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Upper Hutt Leader : October 26th 2011
3 UPPER HUTT LEADER, OCTOBER 26, 2011 NEWS Fast Approval CASH NOW 245 High Street 24 Queen Street Lower Hutt Wainuiomata Phone: 566 0989 Phone: 564 1596 *All Loans Subject to Normal Lending Criteria Loans for all reasons ADELPHI FINANCE LTD The Established Company HN105346/wh Amounts $500 to $5000 Providing Cash Solutions 40 Years of Financial Service 3959630AF For all your Pool & Spa Chemicals come to your new local shop 122c Whakatiki Street Upper Hutt POOL & SPA SHOP OPENING HOURS 8am - 4.30pm Monday to Friday Now open late night Thursday till 6.30pm Servicing Pools, Spas, Pumps, Valet Service, Chemical Supplies Phone 528 8808 www.capitalpools.co.nz English coasts through on autopilot By COLIN WILLIAMS Deputy PM unfazed by 'grumpy' questions Spinning it: Bill English, spotted about to begin his Main St walk. Man about town: The suit jacket is off as Mr English pounds the pavement, flanked by local Rimutaka candidate Jonathan Fletcher with the electorate chairman Nick Thomas behind. Photos: COLIN WILLIAMS ' We decided it best for the government to support the economy to maintain jobs and protect the most vulnerable. ' Bill English Bill English appeared unfazed. At the end of his speech to the Upper Hutt Grey Power on Wednesday, the Deputy Prime Minister fetched several questions from the floor which were reported in national newspapers as overly grumpy. Perhaps they should get out more. In truth it was nothing more than the usual fare with an elec- tion looming, and similar meetings in other years have delivered the same, if not tougher, more heated questioning. Mr English, avuncular but ped- estrian, fielded questions about a possible economic downgrading, people on benefits, asset sales, migrant numbers, politician numbers and even that patsy of patsies, the Super Gold Card. The questioners were a bit bolshy, yes, but this is the game and there was nothing that veered to the disrespectful or played the man and not the ball. So, for a politician with the bag- gage of being in power and confi- dently eyeing another term, this was plain sailing, nothing to take you into uncharted waters. Atthetopofwhatwastobea fairly perfunctory 25-minute address, Mr English did the right thing and established his Upper Hutt connections. His walk at lunchtime had been and, he told the audience, they lived in a friendly city with well- mannered people, where on the Main St he witnessed a car stop- ping to let another reverse out of a park, with no hurry and not a bad measure'' of things, he says. His five years at St Pat's Silver- stream do establish a solid local claim and he reminisced of carrying out early morning milk delivery chores in Whakatiki St and Shakespeare Ave and running up and down'' the hills in Whitemans and Mangaroa Valleys. He further leavened the mix with the only real game in town the Rugby World Cup, reciting that the Prime Minister had told him of a recent nightmare. The All Blacks had won the Rugby World Cup and Richie McCaw turned up as the Leader of the Opposition.'' Thankfully, we now know Mr Key got that half right. Sadly, Mr English made no reference to Cory Jane, the little Upper Hutt winger who could -- and did. That would have had the audience eating out of his hand. As it was, Mr English auto- piloted his way through the econ- omy and all the outside, uncon- trollable forces affecting his government's aims and ambitions. There were the earthquakes, Pike River and there has been the global recession''. We don't always get the chance to run the economy the way we'd want to. We decided it best for the government to support the econ- omy to maintain jobs and protect the most vulnerable,'' Mr English said, in paint-by-numbers election-mode. He spoke of the national debt, household spending and saving, and the opportunities and obstacles facing the country in its trading future, especially in Aust- ralia and China. He spoke of the need for nation- al standards in schools, a contro- versial policy that did not raise a murmur from an audience prob- ably well out of education circles. The standards were there, because we want to make sure every seven, eight and nine-year- old is going to read and write,'' he said, almost glibly. He talked a bit tough on the related benefit reform. Every year 60,000 New Zea- landers turn 18 and 10,000 go on benefits. We have got to get that number down because the younger they go on the longer they stay,'' he said. He said it was such a bad way to start your life'' as a contributing adult. Mr English went local on law and order. Rimutaka Prison was big but not getting bigger, he said. He promised it will not get any big- ger. I'm serious about that,'' he said, aknowledging that prison numbers are just starting to drop for the first time in 20 years''. That, and everything else, were all reasons for National to get re- elected,'' Mr English finished, with the closest thing to a flourish.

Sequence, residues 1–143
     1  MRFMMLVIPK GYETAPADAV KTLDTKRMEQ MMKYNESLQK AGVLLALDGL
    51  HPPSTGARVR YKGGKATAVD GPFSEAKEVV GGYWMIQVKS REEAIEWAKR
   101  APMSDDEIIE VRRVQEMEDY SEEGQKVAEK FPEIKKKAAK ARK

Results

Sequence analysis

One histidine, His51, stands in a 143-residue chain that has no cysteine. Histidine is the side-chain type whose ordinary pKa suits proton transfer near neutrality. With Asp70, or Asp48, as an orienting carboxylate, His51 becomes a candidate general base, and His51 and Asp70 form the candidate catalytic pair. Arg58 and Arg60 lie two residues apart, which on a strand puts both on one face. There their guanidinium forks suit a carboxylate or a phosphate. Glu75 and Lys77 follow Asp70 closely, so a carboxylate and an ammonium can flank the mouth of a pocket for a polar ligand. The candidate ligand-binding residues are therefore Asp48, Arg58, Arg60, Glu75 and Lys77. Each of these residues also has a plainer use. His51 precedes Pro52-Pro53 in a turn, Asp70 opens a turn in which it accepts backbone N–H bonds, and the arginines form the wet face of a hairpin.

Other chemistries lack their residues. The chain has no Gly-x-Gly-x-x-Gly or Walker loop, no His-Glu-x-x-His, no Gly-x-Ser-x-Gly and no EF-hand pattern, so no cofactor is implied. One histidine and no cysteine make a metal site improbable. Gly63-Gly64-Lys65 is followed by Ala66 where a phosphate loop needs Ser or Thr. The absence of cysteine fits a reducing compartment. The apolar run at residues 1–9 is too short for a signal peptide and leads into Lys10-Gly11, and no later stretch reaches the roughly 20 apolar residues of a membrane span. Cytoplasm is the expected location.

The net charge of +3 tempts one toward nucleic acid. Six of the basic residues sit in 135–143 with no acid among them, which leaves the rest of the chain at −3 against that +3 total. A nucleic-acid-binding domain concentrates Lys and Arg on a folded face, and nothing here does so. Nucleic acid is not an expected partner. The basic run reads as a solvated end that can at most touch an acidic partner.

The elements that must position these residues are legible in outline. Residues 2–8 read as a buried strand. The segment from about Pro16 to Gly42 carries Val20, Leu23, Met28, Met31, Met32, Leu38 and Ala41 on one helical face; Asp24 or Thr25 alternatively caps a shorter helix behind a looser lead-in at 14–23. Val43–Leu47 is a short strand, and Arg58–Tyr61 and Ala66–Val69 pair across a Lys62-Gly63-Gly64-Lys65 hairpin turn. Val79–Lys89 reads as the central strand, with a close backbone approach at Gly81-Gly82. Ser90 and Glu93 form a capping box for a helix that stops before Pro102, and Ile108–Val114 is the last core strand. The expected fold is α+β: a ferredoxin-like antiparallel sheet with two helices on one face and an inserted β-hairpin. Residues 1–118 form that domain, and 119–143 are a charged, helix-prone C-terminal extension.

October 19th 2011
November 2nd 2011